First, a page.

Tag Archives: USAF

Atlas V has successfully lifted off with SBIRS GEO 3!

An Atlas V in its base 401 configuration placed the SBIRS GEO 3 military early-warning satellite into geosynchronous transfer orbit this evening:

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Two more launches: PSLV (Resourcesat 2A) and Delta IV (WGS 8)

Two more successful launches this week!  First off, yesterday India placed the Resourcesat 2A spacecraft into orbit aboard a PSLV XL rocket from Satish Dhawan Space Centre on Sriharikota Island.  The satellite will fly on a polar orbit (inclination 98.7 degrees) to study resource utilization, soil contamination, water usage, and so forth across the Indian subcontinent.

Then this evening, a rare Delta IV Medium rocket (the “stick” configuration of the Delta IV, seldom used because although it is highly reliable, it is also highly *expensive*) placed the Wideband Global SATCOM (WGS) 8 satellite into geosynchronous transfer orbit.  WGS-8 will serve military customers, providing both targeted and full-disk communications beams in variety of frequency bands.  It is the most capable military commsat launched by the USAF, capable of serving multiple bands simultaneously and even switching between them on the fly.

And here’s a rather different perspective on the launch — a deceptively peaceful one, shot by a drone over nearby Cocoa Beach.  The audio is from the operator’s cellphone, so mostly records the sound of the ocean waves rolling in.  You have to listen carefully to hear the distant warbling roar of the rocket.

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Delta IV places new eyes in the sky to track space traffic and debris

Early this morning, a Delta IV rocket blasted off, placing the next two Geosynchronous Space Situational Awareness Program (GSSAP) satellites into geosynchronous transfer orbit.  These payloads, built by Orbital ATK for the USAF, will augment ground radar tracking allowing better prediction of collisions between objects in orbit.  As Near Earth Orbit grows increasingly crowded, this will only become more important as time goes on.  Here’s the full capture of the United Launch Alliance livestream; skip ahead to 25 minutes for the actual launch:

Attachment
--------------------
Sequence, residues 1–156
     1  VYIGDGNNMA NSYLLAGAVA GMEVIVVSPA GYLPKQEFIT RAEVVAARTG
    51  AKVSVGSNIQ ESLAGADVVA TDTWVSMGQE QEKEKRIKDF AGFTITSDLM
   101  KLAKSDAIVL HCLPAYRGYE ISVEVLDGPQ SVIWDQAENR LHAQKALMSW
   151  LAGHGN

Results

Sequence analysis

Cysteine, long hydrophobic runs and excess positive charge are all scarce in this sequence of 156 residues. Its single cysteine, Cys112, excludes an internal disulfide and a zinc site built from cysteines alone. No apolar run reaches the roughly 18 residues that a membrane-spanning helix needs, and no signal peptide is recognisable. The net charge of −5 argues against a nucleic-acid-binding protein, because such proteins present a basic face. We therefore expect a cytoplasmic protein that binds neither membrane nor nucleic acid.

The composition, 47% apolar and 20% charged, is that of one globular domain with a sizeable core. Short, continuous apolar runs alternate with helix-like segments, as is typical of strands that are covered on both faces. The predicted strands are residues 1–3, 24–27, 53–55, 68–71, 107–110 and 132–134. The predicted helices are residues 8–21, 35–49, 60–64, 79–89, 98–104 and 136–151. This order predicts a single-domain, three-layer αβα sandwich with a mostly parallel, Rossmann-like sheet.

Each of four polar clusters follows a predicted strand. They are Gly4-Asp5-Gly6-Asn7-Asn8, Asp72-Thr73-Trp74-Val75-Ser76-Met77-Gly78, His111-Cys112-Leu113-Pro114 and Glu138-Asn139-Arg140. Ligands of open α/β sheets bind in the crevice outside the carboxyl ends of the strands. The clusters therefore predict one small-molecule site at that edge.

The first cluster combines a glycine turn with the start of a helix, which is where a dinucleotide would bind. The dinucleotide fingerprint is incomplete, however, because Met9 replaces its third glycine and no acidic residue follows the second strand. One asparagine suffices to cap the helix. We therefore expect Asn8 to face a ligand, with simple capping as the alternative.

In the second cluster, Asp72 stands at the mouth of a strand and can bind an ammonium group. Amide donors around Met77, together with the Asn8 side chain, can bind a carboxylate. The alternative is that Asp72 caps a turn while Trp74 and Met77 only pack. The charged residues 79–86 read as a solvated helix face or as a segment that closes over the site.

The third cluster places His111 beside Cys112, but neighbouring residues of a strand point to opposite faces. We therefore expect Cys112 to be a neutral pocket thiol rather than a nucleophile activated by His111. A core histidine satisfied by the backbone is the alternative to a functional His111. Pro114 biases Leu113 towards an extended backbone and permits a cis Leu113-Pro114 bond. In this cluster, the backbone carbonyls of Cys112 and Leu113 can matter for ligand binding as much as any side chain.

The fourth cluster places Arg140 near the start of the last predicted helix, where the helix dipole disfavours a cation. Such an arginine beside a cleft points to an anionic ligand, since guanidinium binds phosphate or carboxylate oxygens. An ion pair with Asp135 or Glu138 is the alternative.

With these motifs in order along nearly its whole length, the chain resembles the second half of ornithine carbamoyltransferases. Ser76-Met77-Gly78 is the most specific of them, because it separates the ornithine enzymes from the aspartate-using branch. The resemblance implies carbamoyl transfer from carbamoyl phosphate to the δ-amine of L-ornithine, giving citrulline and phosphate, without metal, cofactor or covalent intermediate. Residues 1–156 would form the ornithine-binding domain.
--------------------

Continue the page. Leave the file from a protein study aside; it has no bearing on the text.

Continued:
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DMSP & Hitomi are having bad days

Spaceflight is tough, and as the push continues to build cheaper spacecraft, we need to remember why spacecraft are usually so expensive.  It’s all about reliability, because there is often an incredibly narrow margin in which these vehicles operate, and sometimes it can take very little to end their missions.

DMSP-19 stopped communicating last February, and yesterday the USAF announced they were discontinuing efforts to contact it.  Less than half way through its primary mission, DMSP-19 is dead.  The problem is believed to be something in its power system, but there are very few clues to go on.  The spacecraft is still intact and tracked by radar, but it is derelict now.  What’s really frustrating is knowing how thin this leaves our margins for adequate weather forecasting.  DMSP and its civilian cousin POES was supposed to be followed by the NPOESS constellation, but that has been cancelled.  Just one element, the gapfiller NPP Suomi, was launched.  Today, NOAA and NASA are pressing forward with their part of NPOESS, now called JPSS, but the military side, DWSS, was cancelled and so they will be partnering with the Europeans instead to get adequate coverage.  The USAF still has one more DMSP spacecraft as a ground spare, but after that they will no new weather satellites of their own in the pipeline, and there is still no plan to change that state of affairs.

Meanwhile, in Japan, controllers are attempting to learn the fate of their latest x-ray space observatory, Hitomi.  It, too, stopped communicating.  It was still in its commissioning phase when communications stopped, and now the USAF has reported tracking at least five objects around it.  Satellite spotters report seeing its brightness vary in a very predictable way, which means it’s tumbling out of control.  This would account for the difficulty in communicating; Japanese controllers have been able to downlink a few snippets of telemetry, but they were very brief as it cannot maintain a lock on the ground with its dish antenna.  JAXA doesn’t give up easily, but this one is almost certainly a goner.  With debris around it, it’s probably suffered an explosion of some kind.  Not quite enough to kill it, but enough to adjust its orbit slightly and set it spinning.  Likely suspects include the propulsion system and the batteries.  The only thing ruled out at present is a collision with a tracked object; the USAF recorded no objects with a trajectory that could have intersected it.  It’s very sad, and I hope they got insurance.

On a more positive note, Progress M-29M, the last of its series, has departed the ISS (and will deorbit in a few weeks, after being used for a number of experiments involving spinning it to create artificial gravity), and its replacement, Progress MS-02, has launched towards the ISS.  It is the second of the latest generation of Progress spacecraft, the 63rd to fly to the ISS, and carries production number 432.  It launched today aboard a Soyuz-2-1a from Baikonur Cosmodrome.